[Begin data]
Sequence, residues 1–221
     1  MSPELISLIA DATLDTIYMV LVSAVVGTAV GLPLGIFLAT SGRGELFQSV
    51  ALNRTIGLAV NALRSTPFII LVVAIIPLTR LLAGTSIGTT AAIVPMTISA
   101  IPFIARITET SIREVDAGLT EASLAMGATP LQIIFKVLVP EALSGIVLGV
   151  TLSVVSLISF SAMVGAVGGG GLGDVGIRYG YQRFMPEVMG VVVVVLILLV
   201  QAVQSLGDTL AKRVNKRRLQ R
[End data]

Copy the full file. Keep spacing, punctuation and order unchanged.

Sequence, residues 1–221
     1  MSPELISLIA DATLDTIYMV LVSAVVGTAV GLPLGIFLAT SGRGELFQSV
    51  ALNRTIGLAV NALRSTPFII LVVAIIPLTR LLAGTSIGTT AAIVPMTISA
   101  IPFIARITET SIREVDAGLT EASLAMGATP LQIIFKVLVP EALSGIVLGV
   151  TLSVVSLISF SAMVGAVGGG GLGDVGIRYG YQRFMPEVMG VVVVVLILLV
   201  QAVQSLGDTL AKRVNKRRLQ R